A monologue from the play by Anton Chekhov

  • NOTE: This monologue is reprinted from The Moscow Arts Theatre Series of Plays. Ed. Oliver M. Sayler. New York: Brentanos, 1922.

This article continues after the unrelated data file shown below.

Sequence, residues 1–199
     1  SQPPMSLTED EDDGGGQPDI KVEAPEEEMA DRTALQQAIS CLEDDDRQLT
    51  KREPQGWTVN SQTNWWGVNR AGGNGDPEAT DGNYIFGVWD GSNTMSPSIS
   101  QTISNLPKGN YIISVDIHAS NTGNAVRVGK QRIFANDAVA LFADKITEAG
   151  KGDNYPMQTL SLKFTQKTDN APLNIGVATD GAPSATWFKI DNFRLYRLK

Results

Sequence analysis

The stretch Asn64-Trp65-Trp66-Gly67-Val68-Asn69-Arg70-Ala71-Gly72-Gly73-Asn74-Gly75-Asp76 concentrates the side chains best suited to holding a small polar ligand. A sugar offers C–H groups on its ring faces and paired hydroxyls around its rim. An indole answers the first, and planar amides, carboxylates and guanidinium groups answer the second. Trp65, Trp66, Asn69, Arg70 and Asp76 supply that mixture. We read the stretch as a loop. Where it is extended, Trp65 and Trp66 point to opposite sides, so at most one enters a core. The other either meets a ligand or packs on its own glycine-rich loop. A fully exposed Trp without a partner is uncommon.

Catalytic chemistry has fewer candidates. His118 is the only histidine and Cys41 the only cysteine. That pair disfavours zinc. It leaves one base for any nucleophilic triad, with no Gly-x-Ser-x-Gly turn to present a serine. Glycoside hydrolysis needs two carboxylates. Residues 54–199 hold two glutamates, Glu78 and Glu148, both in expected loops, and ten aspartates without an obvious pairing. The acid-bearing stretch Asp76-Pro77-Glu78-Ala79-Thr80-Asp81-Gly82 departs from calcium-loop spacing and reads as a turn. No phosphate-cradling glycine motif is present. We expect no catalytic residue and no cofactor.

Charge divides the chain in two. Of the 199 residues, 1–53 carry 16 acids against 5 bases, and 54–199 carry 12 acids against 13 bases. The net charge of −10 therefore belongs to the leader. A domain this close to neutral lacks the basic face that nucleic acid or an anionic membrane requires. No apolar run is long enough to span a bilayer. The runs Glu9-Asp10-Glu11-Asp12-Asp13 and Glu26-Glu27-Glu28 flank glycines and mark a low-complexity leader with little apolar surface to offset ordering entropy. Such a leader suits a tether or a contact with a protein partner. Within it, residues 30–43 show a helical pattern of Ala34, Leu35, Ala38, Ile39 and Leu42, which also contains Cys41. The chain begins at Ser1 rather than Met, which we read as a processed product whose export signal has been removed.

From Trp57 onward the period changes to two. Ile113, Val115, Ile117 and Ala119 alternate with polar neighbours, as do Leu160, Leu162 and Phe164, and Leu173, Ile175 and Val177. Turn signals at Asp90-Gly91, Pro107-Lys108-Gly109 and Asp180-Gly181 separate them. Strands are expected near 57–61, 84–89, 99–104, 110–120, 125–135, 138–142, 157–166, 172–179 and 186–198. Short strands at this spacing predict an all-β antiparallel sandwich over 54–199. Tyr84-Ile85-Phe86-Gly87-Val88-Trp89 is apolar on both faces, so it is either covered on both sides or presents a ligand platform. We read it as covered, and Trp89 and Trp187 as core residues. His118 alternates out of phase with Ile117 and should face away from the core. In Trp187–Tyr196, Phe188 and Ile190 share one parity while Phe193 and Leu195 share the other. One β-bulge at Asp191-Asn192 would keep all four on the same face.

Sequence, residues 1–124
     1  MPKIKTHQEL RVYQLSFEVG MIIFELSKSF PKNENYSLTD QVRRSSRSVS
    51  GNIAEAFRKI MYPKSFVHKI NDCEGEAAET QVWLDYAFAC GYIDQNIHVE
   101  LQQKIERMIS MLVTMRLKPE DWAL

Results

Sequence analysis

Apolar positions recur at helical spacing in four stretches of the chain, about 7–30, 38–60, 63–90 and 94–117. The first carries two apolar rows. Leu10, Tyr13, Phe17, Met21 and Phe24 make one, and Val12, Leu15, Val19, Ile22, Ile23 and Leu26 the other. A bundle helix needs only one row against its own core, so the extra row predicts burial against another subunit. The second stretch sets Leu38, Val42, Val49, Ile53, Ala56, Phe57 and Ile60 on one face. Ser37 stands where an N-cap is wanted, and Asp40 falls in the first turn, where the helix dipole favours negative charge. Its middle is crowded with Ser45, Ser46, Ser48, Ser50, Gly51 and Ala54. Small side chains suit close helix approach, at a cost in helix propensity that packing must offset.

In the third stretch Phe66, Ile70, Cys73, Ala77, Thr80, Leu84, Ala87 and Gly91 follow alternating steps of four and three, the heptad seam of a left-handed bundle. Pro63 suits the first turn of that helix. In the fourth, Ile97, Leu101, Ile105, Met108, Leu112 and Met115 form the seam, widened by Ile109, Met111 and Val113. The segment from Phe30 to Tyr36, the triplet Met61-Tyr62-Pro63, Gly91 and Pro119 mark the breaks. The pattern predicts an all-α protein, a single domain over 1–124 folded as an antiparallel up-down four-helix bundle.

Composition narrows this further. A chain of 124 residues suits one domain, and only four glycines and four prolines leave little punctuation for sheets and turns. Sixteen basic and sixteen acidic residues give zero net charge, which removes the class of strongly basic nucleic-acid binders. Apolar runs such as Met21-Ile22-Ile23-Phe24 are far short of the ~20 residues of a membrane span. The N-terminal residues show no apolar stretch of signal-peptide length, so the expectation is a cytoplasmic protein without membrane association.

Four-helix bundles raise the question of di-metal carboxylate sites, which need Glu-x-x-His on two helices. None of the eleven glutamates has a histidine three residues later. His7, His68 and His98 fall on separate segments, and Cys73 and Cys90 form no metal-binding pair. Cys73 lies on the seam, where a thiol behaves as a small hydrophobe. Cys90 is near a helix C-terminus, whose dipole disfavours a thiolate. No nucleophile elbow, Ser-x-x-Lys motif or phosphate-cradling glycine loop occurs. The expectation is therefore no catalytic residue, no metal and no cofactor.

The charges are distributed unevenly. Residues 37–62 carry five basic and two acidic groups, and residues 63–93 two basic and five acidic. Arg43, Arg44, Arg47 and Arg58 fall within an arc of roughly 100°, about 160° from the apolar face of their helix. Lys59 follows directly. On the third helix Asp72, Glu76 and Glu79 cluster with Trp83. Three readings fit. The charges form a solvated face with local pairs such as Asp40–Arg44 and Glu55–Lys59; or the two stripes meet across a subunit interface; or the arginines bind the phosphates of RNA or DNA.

• VERSHININ: Well, I say! [Laughs] You know a great deal too much! I don't think there can really be a town so dull and stupid as to have no room for a clever, cultured person. Let us suppose even that among the hundred thousand inhabitants of this backward and crude town, there are only three persons like yourself. It stands to reason that you won't be able to conquer that dark mob around you; little by little as you grow older you will be bound to give way and lose yourselves in this crowd of a hundred thousand human beings; their life will suck you under, but still, you won't disappear without having influenced anybody; later on, others like you will come, perhaps six of them, then twelve, and so on, until at last your sort will be in the majority. In two or three hundred years life on this earth will be gorgeously beautiful and glorious. Mankind needs such a life, and if it is not ours to-day then we must look forward to it, wait, think, prepare for it. We must see and know more than our fathers and grandfathers saw and knew. [Laughs] And you complain that you know too much.